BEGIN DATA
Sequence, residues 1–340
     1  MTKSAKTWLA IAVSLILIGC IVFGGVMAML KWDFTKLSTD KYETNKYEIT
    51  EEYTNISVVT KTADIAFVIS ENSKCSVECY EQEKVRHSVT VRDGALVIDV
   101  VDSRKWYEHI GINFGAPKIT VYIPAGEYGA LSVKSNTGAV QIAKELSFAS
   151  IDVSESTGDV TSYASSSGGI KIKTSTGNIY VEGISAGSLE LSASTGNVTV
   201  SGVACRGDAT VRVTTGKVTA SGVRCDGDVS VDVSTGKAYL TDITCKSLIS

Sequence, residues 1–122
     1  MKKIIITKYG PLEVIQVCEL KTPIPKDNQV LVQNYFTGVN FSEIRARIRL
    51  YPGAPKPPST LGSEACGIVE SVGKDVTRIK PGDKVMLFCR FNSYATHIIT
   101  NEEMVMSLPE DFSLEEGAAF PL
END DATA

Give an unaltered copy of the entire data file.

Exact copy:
Sequence, residues 1–340
     1  MTKSAKTWLA IAVSLILIGC IVFGGVMAML KWDFTKLSTD KYETNKYEIT
    51  EEYTNISVVT KTADIAFVIS ENSKCSVECY EQEKVRHSVT VRDGALVIDV
   101  VDSRKWYEHI GINFGAPKIT VYIPAGEYGA LSVKSNTGAV QIAKELSFAS
   151  IDVSESTGDV TSYASSSGGI KIKTSTGNIY VEGISAGSLE LSASTGNVTV
   201  SGVACRGDAT VRVTTGKVTA SGVRCDGDVS VDVSTGKAYL TDITCKSLIS

Sequence, residues 1–122
     1  MKKIIITKYG PLEVIQVCEL KTPIPKDNQV LVQNYFTGVN FSEIRARIRL
    51  YPGAPKPPST LGSEACGIVE SVGKDVTRIK PGDKVMLFCR FNSYATHIIT
   101  NEEMVMSLPE DFSLEEGAAF PL